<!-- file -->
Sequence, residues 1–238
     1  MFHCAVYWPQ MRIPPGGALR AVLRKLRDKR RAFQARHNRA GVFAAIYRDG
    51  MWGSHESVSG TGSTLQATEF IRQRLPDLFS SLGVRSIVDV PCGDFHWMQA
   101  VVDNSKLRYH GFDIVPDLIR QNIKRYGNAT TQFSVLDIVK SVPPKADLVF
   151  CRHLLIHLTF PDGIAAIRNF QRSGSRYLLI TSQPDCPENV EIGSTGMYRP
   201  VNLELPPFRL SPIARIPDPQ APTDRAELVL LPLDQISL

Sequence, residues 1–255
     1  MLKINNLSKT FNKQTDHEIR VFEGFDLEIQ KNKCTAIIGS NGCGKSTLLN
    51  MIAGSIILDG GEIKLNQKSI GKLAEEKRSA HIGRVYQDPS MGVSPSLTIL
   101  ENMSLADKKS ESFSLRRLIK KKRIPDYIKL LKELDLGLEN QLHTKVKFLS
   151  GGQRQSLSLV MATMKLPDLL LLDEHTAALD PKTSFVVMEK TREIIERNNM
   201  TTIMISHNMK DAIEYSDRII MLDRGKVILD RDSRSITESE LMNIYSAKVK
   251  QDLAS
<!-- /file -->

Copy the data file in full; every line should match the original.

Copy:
Sequence, residues 1–238
     1  MFHCAVYWPQ MRIPPGGALR AVLRKLRDKR RAFQARHNRA GVFAAIYRDG
    51  MWGSHESVSG TGSTLQATEF IRQRLPDLFS SLGVRSIVDV PCGDFHWMQA
   101  VVDNSKLRYH GFDIVPDLIR QNIKRYGNAT TQFSVLDIVK SVPPKADLVF
   151  CRHLLIHLTF PDGIAAIRNF QRSGSRYLLI TSQPDCPENV EIGSTGMYRP
   201  VNLELPPFRL SPIARIPDPQ APTDRAELVL LPLDQISL

Sequence, residues 1–255
     1  MLKINNLSKT FNKQTDHEIR VFEGFDLEIQ KNKCTAIIGS NGCGKSTLLN
    51  MIAGSIILDG GEIKLNQKSI GKLAEEKRSA HIGRVYQDPS MGVSPSLTIL
   101  ENMSLADKKS ESFSLRRLIK KKRIPDYIKL LKELDLGLEN QLHTKVKFLS
   151  GGQRQSLSLV MATMKLPDLL LLDEHTAALD PKTSFVVMEK TREIIERNNM
   201  TTIMISHNMK DAIEYSDRII MLDRGKVILD RDSRSITESE LMNIYSAKVK
   251  QDLAS